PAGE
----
Tuesday, October 04, 2005

South Africa Ascendant

South Africa has always been a leader in Africa, and is regarded as somewhat of a regional superpower. It's economy has outperformed that of most other African nations and it has developed a functioning (though inefficiently one party) democracy. While it has its share of problems with AIDS and rampant crime, it's a nation that's starting to get legs. That became all the more true yesterday:

South Africa has announced a R140 million (US $22 million) donation to the UN World Food Programme (WFP) and the Food and Agriculture Organisation (FAO) to alleviate food shortages in Southern Africa.

The Department of Agriculture and Land Affairs said in a statement that the government had agreed "to provide humanitarian food aid assistance and to support the rehabilitation of agricultural production in seven countries in the region ... Lesotho, Malawi, Mozambique, Namibia, Swaziland, Zambia and Zimbabwe".


"It [the government] has agreed in principle to make R140 million available this year, with the main focus on rehabilitation of agricultural productivity, and in proportion to the identified respective country needs," the statement noted.

Of the total donation, 70 percent - R98 million ($15.4 million) - would be used to assist households to become agriculturally productive again. Aid agencies have blamed drought, a shortage of seeds and fertilisers and weakened capacity due to HIV/AIDS as the main factors responsible for the agricultural decline in Southern Africa.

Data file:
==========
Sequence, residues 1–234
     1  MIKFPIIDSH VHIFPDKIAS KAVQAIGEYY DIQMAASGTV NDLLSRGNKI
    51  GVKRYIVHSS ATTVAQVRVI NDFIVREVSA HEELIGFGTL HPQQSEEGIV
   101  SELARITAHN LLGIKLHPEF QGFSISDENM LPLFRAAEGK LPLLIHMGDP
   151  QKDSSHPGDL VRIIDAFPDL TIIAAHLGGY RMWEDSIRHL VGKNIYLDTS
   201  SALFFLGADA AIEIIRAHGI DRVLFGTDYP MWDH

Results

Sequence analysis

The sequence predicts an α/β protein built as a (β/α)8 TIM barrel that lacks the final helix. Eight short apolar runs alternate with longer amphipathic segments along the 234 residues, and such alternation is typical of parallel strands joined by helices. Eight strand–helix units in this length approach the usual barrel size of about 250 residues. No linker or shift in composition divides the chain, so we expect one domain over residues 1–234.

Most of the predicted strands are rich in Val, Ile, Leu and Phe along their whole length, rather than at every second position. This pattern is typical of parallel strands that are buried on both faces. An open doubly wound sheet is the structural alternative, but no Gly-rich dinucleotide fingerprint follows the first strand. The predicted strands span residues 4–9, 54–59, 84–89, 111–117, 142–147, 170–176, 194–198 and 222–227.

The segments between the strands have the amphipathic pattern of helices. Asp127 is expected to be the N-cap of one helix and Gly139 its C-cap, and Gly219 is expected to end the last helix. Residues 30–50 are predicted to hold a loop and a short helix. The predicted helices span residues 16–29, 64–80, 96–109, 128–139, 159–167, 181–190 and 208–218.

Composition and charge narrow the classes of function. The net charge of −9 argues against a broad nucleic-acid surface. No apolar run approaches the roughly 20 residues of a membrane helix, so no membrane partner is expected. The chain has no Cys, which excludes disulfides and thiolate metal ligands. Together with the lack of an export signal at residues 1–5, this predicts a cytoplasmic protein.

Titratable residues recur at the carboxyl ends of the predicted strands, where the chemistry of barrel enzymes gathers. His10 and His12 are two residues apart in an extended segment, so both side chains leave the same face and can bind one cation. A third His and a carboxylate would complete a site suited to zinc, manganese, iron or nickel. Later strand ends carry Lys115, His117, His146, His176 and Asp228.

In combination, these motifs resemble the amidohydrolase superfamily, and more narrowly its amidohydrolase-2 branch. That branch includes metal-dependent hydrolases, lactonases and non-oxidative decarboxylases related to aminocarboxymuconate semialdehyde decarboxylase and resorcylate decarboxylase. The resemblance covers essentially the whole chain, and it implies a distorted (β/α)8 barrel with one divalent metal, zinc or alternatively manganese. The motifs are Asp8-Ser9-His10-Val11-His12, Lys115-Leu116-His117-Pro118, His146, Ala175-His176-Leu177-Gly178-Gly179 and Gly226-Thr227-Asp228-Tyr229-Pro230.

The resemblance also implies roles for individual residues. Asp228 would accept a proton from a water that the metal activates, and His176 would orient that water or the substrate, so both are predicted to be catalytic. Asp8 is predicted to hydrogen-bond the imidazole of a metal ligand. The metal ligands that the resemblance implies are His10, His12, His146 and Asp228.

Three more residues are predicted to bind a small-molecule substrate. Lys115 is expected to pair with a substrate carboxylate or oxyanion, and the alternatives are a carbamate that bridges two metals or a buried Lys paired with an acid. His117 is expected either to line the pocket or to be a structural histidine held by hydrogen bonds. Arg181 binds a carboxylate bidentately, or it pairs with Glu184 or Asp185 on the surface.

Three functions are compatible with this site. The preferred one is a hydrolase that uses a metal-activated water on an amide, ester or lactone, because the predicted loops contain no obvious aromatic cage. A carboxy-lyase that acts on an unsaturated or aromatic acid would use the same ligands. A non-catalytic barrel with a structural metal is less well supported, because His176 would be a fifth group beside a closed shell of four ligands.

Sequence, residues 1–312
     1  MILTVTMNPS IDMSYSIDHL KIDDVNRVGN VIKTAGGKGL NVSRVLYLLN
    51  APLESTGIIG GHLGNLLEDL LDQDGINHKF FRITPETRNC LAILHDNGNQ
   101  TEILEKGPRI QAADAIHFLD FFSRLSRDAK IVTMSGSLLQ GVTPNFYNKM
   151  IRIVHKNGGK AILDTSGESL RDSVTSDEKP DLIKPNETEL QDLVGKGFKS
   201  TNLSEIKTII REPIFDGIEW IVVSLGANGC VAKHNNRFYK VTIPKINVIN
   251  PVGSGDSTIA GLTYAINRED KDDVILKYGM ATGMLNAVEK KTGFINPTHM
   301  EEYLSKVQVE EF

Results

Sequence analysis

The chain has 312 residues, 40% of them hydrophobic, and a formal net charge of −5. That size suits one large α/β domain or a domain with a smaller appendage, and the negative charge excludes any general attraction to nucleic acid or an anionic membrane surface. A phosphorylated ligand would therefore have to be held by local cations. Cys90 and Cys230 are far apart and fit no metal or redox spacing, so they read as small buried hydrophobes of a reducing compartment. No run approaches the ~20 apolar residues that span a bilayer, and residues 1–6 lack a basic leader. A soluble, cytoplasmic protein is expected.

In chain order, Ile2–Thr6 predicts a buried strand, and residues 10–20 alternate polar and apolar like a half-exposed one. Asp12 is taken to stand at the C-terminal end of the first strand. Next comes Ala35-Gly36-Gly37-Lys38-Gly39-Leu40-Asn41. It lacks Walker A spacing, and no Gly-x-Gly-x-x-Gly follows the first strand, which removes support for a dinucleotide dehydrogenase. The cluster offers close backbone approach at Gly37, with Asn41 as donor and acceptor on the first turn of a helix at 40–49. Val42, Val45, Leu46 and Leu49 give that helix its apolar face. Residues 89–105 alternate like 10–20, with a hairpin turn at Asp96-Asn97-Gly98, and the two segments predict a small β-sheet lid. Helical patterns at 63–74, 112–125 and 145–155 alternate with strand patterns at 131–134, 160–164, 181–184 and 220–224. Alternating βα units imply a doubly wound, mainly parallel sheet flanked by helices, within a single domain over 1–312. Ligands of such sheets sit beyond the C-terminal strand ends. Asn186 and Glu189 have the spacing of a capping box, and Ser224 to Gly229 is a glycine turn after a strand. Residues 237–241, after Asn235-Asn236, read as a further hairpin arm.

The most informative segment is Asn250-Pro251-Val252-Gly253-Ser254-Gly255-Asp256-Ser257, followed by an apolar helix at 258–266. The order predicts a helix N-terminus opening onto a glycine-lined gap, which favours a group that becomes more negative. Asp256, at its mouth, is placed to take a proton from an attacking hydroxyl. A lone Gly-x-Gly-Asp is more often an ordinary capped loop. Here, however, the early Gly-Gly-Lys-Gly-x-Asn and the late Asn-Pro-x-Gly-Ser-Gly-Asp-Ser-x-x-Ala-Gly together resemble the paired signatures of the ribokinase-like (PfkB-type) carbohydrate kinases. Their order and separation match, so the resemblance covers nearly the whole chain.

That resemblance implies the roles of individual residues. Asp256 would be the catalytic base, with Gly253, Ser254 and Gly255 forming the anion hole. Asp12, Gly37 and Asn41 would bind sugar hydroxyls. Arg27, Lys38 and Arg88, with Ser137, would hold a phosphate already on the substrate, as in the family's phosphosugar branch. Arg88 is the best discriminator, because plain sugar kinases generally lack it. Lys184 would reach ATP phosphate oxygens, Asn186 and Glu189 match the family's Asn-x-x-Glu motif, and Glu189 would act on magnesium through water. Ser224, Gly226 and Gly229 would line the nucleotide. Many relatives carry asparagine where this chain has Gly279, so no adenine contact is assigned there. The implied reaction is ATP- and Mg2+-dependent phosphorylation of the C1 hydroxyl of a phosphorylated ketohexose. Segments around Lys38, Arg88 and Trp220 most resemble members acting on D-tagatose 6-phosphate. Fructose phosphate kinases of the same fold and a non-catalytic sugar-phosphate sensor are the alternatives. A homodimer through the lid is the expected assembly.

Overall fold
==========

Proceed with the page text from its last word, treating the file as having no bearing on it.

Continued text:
Twenty-five percent of the total donation - R35 million ($5.5 million) - would be allocated to direct food relief through WFP, while the remaining five percent - R7 million ($1.1 million)- would be used to support the regional early warning system.


This is South Africa's third major donation, and a big chunk of it is designed to increase agricultural productivity, so it's not just relief but also economic development. News like this is always good because it shows that some nations who are just themselves pulling their economies out of dire straits are helping their neighbors. If only Thabo Mbeki would stop being a bagman for Mugabe, they'd really be doing the region a favor.